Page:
Tackling Food Poverty
Lessons from the Decent Food for All (DFfA) Intervention
This report summarises the evaluation of the Decent Food for All (DFfA) intervention that was delivered by the Armagh and Dungannon Health Action Zone (ADHAZ) Partnership in the Southern Health and Social Services Board area in Northern Ireland. Further details can be found in three supporting documents accompanying this report.
People are living in food poverty if they are unable to consume adequate safe healthy food in ways that arealigned with their cultural and social norms. As a result their physical, mental and social health and well-being suffer. In part due to the challenges faced in gaining financial and physical access to safe healthy food, people in lower socio-economic groups are at an increased risk of food poverty and obesity.
When the DFfA intervention was being developed there was no formal policy framework for tackling food poverty or obesity in Northern Ireland. The government’s Fit Futures Strategy only emerged towards the end of the DFfA intervention period. As a result of this changing policy context, DFfA’s objectives were flexible so it could respond to emerging regional priorities.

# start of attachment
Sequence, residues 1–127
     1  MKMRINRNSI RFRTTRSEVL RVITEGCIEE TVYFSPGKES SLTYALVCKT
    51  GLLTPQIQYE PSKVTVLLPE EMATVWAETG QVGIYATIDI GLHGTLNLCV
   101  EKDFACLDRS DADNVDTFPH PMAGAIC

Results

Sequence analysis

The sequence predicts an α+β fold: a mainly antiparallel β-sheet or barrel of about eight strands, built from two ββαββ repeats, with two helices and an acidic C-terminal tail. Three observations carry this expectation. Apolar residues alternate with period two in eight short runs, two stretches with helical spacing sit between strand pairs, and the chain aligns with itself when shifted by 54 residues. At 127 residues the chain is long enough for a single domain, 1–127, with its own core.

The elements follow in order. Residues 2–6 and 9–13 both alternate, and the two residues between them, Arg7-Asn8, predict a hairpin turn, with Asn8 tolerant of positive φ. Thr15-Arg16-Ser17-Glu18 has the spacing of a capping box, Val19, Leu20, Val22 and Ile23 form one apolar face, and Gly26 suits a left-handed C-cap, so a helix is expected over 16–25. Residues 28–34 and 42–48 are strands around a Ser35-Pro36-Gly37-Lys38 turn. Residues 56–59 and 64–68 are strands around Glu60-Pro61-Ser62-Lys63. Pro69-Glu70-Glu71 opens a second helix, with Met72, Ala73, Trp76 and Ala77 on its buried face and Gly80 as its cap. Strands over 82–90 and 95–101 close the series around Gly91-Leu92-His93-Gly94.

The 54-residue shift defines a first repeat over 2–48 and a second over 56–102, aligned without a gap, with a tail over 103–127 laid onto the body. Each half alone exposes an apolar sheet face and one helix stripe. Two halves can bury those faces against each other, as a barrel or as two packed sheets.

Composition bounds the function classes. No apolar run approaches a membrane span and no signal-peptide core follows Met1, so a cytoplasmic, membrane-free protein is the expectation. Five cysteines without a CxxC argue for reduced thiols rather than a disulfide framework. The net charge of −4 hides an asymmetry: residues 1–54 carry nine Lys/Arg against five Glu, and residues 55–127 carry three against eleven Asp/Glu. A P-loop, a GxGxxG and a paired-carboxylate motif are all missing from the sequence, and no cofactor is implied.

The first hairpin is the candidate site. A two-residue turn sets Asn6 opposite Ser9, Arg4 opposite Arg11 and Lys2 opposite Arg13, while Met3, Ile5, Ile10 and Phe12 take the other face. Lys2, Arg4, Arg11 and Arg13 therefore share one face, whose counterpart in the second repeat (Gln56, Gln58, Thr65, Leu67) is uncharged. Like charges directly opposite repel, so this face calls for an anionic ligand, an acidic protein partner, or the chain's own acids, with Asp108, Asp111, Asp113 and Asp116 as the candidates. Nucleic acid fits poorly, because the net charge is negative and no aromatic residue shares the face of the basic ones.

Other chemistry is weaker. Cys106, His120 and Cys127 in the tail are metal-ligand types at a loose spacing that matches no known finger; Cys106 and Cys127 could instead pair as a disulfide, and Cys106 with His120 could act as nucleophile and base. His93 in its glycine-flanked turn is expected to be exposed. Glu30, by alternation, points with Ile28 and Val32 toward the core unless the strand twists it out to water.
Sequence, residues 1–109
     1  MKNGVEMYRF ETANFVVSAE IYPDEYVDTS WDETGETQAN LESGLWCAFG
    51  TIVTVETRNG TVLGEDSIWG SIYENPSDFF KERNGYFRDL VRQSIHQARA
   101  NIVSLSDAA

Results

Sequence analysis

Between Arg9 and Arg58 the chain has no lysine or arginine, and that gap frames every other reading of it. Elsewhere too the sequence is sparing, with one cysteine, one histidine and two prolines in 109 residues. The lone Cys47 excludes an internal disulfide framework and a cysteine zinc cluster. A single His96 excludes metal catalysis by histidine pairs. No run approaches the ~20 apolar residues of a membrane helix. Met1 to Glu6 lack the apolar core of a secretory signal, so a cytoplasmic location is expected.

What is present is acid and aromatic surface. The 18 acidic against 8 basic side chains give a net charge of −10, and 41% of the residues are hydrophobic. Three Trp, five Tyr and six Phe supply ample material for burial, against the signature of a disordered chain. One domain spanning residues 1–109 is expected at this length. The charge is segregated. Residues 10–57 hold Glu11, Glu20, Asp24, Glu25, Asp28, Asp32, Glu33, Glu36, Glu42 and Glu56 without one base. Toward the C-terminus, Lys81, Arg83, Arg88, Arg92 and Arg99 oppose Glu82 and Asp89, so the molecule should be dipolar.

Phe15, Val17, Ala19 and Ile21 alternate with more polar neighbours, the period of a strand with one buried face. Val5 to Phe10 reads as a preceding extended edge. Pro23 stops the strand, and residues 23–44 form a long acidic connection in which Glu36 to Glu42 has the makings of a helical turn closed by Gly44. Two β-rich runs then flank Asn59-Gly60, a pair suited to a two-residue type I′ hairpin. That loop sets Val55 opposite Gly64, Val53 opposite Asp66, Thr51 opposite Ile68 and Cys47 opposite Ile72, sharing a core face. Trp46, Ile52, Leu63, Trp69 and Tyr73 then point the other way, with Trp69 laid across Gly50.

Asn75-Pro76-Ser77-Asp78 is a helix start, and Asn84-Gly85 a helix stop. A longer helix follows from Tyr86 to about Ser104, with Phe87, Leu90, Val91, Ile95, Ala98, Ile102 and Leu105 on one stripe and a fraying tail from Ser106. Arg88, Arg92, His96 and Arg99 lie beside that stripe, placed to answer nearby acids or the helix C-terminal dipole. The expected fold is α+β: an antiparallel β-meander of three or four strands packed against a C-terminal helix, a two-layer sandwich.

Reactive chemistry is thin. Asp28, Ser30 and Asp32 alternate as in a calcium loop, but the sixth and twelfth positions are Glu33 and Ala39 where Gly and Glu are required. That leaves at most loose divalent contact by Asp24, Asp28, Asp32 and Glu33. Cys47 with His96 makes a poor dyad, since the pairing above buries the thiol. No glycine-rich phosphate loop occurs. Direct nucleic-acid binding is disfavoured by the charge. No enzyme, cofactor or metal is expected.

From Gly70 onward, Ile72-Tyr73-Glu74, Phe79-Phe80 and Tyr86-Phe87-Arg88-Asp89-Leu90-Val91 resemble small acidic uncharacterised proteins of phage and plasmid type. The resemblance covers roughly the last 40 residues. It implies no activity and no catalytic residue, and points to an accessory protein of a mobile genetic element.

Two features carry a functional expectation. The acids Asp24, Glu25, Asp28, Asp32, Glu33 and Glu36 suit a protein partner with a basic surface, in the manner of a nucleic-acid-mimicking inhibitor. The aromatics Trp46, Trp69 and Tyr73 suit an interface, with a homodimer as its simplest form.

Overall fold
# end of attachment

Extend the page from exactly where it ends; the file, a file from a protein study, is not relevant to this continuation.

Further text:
What is DFfA?
Decent Food for All (DFfA) was a four-year community-based project developed and implemented by the ADHAZ Partnership. Its aim was to increase physical, financial and information access to safe healthy food in twelve deprived/highly deprived wards in the ADHAZ area. DFfA’s core activities focused on group-based health educational sessions and practical workshops, general communications and contributions to other community initiated events. Delivered between April 2003 and March 2007, the DFfA intervention was funded by safefood and the Food Standards Agency Northern Ireland (FSANI) (£240,000 over four years).
The DFfA recognised that efforts to tackle food poverty need to be part of wider efforts to address local regeneration and social inclusion. In addition to this initial funding, the ADHAZ Partnership attracted additional funding of £255,000 for other supporting programmes, which focused on the local production and distribution of food, such as community and school gardens and food co-operatives.